“We understand that patients will ‘remove themselves from the waiting list’ either by dying or by paying for their own treatment at private sector providers.”

And that’s what the fuss is about. One unsubstantiated footnote. We asked the CCP if they had based this on any evidence but they didn’t reply. So the Co-operation and Competition Panel – which, if the government’s reforms go through, will become a decision-making body within the NHS – is saying that if someone’s knee replacement is delayed by an extra two weeks they may choose to die rather than wait. As the Daily Mail put it: that is sickening.

We are told early on that it is based on “around 80 submissions from NHS providers, GPs, Primary Care Trusts, Strategic Health Authorities, independent and third sector providers, representative organisations and others,” but that those submissions made by the independent sector providers – i.e. private companies – will not be disclosed due to: “concerns that publication of these submissions would be likely to prejudice the commercial interests of the organisation which had made the submission.” This makes things difficult, because the report is based on the companies’ allegations that PCTs are unfairly denying them work by encouraging patients to use public healthcare providers. Quotes of no more than a couple of sentences are pulled out of the companies’ submissions, but we are never told which company made them or what context they were made in.

Reading through the submissions made by the PCTs which we are allowed to read, it seems they were kept in the dark too. Many seem confused because the CCP has told them they have been accused of something but they haven’t been told what. NHS Somerset, among others, says it is “difficult to comment directly on the points raised without sight of the specific allegations raised.” NHS North Yorkshire and York note: “without further detail or specific examples it is difficult to respond to this allegation.”

Recommendations for the whole NHS are conjured up from a combination of accusations from a few un-named companies, explanations from a few PCTs and the panel’s “understanding” of the issue, which, as we have seen, isn’t exactly foolproof. To show PCTs are encouraging GPs to restrict patients’ ability to choose which provider they go to for their treatment, for example, we are given two, single sentence quotes from un-named PCTs and three unsubstantiated allegations made by unnamed providers. There is no thorough analysis of all the evidence taken together and no suggestion of exactly how widespread this so-called anti-competitive behaviour is. Early on they say they saw “many” examples of PCTs “excessively constraining patients’ ability to choose” and then, later on: “a significant number of PCTs are restricting patient choice and competition in routine elective care,” but that’s about it.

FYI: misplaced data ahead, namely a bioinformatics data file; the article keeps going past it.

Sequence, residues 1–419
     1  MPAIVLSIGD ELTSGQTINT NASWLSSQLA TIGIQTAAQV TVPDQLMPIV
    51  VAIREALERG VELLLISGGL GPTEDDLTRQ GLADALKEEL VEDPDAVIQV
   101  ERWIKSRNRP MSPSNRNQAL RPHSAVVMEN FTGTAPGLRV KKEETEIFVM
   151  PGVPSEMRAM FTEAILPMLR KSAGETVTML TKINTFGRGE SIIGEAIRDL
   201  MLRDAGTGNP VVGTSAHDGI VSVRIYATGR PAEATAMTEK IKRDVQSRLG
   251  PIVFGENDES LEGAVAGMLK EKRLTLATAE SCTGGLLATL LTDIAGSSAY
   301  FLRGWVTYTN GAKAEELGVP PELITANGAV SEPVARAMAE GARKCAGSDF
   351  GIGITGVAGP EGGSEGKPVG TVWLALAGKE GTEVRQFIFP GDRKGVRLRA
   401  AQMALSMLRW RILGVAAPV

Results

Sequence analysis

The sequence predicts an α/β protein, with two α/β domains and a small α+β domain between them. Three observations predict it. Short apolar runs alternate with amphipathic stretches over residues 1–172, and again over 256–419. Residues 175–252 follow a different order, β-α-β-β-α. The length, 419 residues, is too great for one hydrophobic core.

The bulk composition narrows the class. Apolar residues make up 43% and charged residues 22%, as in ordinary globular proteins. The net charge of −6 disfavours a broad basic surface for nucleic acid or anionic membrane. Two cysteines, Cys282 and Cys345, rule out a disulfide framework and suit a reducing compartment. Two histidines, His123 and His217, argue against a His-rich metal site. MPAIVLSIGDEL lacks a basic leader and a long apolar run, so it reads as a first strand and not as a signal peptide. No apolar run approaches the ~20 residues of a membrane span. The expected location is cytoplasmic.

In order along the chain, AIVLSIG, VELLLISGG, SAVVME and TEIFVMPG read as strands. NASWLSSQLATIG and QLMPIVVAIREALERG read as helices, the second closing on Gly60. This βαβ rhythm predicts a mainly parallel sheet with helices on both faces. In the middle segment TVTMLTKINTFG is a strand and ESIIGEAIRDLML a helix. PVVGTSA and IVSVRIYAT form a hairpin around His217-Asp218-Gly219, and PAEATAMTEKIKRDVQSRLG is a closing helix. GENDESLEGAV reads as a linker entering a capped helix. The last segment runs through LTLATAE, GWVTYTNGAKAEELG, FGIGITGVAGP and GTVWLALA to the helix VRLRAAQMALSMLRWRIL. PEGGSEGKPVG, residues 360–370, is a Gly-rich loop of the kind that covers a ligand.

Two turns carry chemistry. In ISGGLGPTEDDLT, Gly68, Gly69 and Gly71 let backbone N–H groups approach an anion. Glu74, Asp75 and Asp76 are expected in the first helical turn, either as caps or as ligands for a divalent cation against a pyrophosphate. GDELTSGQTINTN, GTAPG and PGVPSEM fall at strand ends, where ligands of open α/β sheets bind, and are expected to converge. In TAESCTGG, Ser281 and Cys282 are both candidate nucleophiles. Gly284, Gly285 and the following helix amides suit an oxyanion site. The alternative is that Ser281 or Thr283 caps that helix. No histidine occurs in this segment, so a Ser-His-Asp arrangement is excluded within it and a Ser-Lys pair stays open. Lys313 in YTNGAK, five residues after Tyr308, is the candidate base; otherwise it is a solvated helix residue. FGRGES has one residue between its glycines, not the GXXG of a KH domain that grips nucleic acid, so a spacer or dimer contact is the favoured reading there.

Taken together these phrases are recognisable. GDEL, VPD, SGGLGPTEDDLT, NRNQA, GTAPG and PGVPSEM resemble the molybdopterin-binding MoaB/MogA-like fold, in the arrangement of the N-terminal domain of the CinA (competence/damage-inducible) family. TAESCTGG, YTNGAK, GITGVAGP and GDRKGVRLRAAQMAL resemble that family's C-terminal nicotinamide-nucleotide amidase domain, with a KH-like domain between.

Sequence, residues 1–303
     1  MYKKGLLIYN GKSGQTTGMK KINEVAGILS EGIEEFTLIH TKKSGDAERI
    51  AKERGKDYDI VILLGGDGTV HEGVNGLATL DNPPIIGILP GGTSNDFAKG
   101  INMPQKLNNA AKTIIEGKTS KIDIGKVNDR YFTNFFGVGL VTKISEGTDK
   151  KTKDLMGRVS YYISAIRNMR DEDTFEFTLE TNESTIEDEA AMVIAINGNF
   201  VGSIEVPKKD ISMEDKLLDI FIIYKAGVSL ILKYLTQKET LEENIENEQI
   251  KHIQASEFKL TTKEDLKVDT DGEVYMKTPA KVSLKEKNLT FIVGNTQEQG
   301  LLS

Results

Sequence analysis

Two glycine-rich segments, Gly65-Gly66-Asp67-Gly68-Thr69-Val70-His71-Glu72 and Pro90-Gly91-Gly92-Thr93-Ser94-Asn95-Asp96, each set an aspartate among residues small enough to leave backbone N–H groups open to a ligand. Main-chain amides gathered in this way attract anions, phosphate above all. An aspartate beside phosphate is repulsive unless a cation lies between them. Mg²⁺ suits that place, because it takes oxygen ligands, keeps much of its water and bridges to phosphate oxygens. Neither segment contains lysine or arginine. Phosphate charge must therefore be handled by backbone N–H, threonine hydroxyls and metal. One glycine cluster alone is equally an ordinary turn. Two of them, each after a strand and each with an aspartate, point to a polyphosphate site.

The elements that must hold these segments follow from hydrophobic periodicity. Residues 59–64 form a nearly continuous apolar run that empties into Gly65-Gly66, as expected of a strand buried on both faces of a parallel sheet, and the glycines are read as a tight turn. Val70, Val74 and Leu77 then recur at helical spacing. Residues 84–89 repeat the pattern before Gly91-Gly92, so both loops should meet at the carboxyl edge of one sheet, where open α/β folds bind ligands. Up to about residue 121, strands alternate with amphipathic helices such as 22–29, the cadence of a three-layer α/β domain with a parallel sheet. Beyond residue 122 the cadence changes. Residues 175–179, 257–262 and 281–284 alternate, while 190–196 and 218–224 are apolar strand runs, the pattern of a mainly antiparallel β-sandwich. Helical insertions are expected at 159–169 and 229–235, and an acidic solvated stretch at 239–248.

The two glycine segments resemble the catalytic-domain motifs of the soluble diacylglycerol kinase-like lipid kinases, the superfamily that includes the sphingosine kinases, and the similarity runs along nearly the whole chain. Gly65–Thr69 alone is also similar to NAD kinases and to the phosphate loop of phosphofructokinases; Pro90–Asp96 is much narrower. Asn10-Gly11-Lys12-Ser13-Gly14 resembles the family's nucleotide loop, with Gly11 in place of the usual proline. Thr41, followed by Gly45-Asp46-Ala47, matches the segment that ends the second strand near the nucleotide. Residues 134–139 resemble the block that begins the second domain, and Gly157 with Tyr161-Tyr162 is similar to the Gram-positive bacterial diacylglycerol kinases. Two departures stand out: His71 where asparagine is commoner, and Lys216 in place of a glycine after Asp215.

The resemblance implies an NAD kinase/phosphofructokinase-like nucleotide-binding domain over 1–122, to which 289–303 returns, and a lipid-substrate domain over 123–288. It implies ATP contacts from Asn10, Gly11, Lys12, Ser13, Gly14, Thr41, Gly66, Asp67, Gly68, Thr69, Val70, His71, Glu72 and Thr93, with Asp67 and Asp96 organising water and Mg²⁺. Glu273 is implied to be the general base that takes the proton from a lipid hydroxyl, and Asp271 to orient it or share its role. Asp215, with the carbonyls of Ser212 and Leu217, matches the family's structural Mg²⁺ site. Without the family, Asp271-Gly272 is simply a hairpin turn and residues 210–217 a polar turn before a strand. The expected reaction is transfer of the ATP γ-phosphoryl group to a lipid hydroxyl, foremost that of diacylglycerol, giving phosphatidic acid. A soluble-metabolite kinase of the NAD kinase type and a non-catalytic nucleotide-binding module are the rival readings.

If the Health and Social Care bill goes through the CCP’s remit will only widen. The Department of Health has already announced that the “any qualified provider” policy will be extended into community and mental health services and it will not stop there. David Cameron and his health secretary Andrew Lansley are always keen to say how their reforms will bring an end to the reign of pen-pushing bureaucrats in the NHS but they are quietly loading an unelected body run by bureaucrats (albeit pro-market bureaucrats) with the power to censure and overrule any doctors, managers or staff that try to keep healthcare public.

Number of NHS patients waiting more than four hours in A&E doubles | Society | The Guardian

The number of patients waiting more than four hours for treatment in accident and emergency departments has almost doubled in the space of a year, the latest statistics reveal.

Figures show 161,422 patients were left waiting over four hours for “major A&E” treatment between April and June 2011 – 91% more than during the same period in 2010.

A broader measure including minor injuries units and walk-in centres was also up 90%, to 165,279.

The increases come despite a slight fall in the number of patients using A&E services, from 3.6 million to 3.58 million, scotching past Department of Health assertions that the longer waits were down to increased pressure on services.